Jan Armstrong's Home Page
I am a professor in the College of Education at the University of New Mexico. I came to UNM in 1990, after completing doctoral work in anthropology of education and educational psychology at the University of Minnesota. As an undergraduate, I majored in psychology at the University of California, Berkeley. I am hopelessly academic because I love the world of ideas, books, the arts, and lively conversations about social issues. I am hopeful that the work of people who love ideas (academics, teachers, counselors) can help make the world a better place. When I am not busy with research and teaching, I like to read, work in my garden, and go for long walks. Once in awhile, I get to paddle my kayak (on flat water). While New Mexico's wildlife and landscapes are beautiful, the people of New Mexico are the state's most valuable, and beautiful resource. The fate of one depends on the other. New Mexico is a wonderful place to learn about the relational systems within which educators, counselors and human service professionals live and work.
My research interests and activities focus on the social study of education and human development. I am a qualitative researcher who has studied visual media (children's drawings, youth magazine advertisements, lifenets), often in collaboration with my students. I approach much of my work from the vantage point of contextual human development - an approach that emphasizes the social and cultural nature of human development through the lifespan. I am currently working with colleagues to better understand the nature of wellbeing in schools and communities, and as an aspect of successful aging. Some of my work examines how knowledge is developed and distributed within professional communities. This includes how new media, advanced information technologies and institutional change are transforming the nature of work in higher education and other fields of practice. I am also interested in professional socialization - how different fields (education, medicine, law, and engineering) transmit core competencies (ways of thinking and carrying out specific practices) to novices. Our work in higher education and the professions is influenced by a political economy that influences how we value and reward different kinds of work (performances/ activities and products). Advances in information technologies and changing economic conditions continue to disrupt academic life, and this presents both challenges and opportunities for everyone who cares about preK-20, post-secondary, graduate and professional education.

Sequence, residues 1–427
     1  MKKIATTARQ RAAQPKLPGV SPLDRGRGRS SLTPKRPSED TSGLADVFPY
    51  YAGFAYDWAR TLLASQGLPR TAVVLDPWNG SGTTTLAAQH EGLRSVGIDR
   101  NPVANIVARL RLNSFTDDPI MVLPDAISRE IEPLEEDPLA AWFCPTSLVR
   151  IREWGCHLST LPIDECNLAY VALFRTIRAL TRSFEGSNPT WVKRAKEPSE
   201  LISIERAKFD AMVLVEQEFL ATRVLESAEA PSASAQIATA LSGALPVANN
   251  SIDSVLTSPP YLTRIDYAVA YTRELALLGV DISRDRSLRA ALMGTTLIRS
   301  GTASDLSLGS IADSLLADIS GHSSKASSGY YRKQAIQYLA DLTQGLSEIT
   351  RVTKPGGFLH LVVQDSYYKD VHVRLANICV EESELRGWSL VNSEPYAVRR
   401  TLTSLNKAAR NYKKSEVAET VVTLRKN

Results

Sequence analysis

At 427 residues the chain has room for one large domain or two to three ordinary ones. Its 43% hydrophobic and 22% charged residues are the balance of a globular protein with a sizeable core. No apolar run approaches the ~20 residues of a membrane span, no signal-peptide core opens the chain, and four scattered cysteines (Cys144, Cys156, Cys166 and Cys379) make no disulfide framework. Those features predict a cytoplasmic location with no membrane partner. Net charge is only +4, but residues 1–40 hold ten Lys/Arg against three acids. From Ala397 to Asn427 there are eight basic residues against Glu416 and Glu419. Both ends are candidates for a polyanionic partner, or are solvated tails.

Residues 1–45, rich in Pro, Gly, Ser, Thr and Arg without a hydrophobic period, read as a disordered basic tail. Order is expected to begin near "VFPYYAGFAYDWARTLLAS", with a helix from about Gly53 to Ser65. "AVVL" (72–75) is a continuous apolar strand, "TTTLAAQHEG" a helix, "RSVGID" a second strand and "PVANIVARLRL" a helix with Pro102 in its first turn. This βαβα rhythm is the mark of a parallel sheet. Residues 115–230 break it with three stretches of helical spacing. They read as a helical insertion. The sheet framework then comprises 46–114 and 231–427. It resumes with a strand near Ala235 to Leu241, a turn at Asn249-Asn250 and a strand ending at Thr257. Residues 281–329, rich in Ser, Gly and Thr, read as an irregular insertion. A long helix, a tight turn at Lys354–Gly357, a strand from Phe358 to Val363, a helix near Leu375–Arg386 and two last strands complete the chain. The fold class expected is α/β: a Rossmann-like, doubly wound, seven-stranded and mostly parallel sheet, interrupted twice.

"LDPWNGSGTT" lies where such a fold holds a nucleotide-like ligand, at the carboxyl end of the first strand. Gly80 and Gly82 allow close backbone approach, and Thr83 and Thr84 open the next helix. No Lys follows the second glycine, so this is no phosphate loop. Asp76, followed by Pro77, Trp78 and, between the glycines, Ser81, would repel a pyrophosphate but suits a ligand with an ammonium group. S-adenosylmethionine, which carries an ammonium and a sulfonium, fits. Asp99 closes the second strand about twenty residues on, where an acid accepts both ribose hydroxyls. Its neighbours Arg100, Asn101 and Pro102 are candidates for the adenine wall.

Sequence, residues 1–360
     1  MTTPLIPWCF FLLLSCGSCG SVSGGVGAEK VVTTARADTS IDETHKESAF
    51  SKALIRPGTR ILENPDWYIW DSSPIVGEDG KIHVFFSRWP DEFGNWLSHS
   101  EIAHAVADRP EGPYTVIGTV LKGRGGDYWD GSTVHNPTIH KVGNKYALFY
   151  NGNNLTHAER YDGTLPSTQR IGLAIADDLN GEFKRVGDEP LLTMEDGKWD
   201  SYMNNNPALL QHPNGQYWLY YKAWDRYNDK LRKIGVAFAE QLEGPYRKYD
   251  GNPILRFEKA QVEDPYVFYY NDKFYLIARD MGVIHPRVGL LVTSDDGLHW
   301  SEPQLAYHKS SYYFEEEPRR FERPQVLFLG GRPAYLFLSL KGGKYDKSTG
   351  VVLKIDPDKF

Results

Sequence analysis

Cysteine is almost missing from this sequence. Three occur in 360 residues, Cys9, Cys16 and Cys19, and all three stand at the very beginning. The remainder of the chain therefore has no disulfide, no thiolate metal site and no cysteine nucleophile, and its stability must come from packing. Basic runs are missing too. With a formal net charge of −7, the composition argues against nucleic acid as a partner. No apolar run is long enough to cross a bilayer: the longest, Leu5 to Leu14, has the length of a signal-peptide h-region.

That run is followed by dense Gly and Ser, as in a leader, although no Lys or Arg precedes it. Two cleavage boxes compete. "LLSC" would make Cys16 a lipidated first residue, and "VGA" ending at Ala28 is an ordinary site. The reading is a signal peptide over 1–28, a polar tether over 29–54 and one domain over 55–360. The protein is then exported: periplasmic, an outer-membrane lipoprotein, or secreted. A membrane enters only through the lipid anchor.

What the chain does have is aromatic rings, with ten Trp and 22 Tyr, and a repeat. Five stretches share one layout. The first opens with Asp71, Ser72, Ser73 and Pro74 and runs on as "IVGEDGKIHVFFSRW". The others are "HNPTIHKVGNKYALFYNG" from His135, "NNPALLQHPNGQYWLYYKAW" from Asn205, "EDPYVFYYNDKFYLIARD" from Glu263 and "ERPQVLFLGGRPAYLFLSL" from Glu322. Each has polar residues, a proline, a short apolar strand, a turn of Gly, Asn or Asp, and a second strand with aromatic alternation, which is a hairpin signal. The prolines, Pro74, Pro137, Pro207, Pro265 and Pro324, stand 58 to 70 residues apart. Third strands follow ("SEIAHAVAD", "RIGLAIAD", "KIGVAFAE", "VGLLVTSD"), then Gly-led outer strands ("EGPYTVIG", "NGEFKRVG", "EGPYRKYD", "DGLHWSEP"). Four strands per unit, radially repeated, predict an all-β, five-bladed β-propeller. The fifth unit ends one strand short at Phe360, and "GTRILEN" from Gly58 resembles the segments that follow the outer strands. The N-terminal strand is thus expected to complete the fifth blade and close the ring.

Armstrong, J., Tyson, K., LopezLeiva, C. & Pauly, N. (2017). Professing education within and beyond the academy: A theory articulation project. Professing Education, 16 (2), 8–27.
Zieher, A. & Armstrong, J. (2016). Teaching in a public Montessori school: Context, quandaries, and thinking schemes. Person-Centered & Experiential Psychotherapies 15 (1), 37 – 54. 10.1080/14779757.2016.1139500
Armstrong, J. & Gonzales, A. (2016). Visual representations of girls and women doing science in a Southwestern high school: An interpretive, normative and critical analysis. Educating Women: Journal of the Society for Educating Women 3 (1), 1-51.
Armstrong, J. and Peele-Eady, T. (2016). An introduction to John Ogbu's Black American Students in an Affluent Suburb: A Study of Academic Engagement In, DeVitis, J. L. (Ed.), American educational classics, 1964 -- 2014 (pp. 333-340). New York: Peter Lang.
Armstrong, J. (2012). Learning communities of surgeons in mid-career transformation. In McKee, A. and Eraut, M. (editors). Learning trajectories, innovation and identity for professional development (pp. 215 – 234) [Wim Gijselaers and LuAnn Wilkerson, series editors, Innovation and Change in Professional Education]. Berlin & New York: Springer.
Armstrong, J. (2012). Faculty animosity: A contextual view. Journal of Thought, 47 (2), 85-103.
deMarrais, K., Armstrong, J., and Preissle, J. (2011). Anthropology and education. In, Steve Tozer, et al (editors), Handbook of Research on Social Foundations of Education. New York: Routledge.
Armstrong, J. (2010). Fostering contextual understanding in the professional education curriculum: The lifenet view. Multicultural Education, 18, 55-59.
Armstrong, J. (2010). Naturalistic inquiry. In N. J. Salkind (Ed.), Encyclopedia of research design, Volume 2 (pp. 880 – 885). Thousand Oaks, CA: Sage.
Armstrong, J. (2010). The political economy of academic writing practices. Journal of Thought, 45, 55-70. [download pdf]
Affiliations with professional societies are part of our professional "lifenets." They are a part of who we are and a means by which to participate in the discourse communities about which we care.
I belong to a number of professional associations, including the American Educational Research Association (AERA) -- Division I - Education in the Professions,
The American Educational Studies Association(AESA),
The American Anthropological Association (AAA)-- Council on Anthropology and Education, and
The Scholarly Consortium for Innovative Psychology in Education (SCIPIE).
I encourage undergraduate and graduate students to join professional associations. Most organizations welcome student members and they usually offer reduced membership rates for students. If you have not already done so, join one or more professional association in your field today!
I teach courses in qualitative research methods, human growth and development, and the psychological development of women and girls.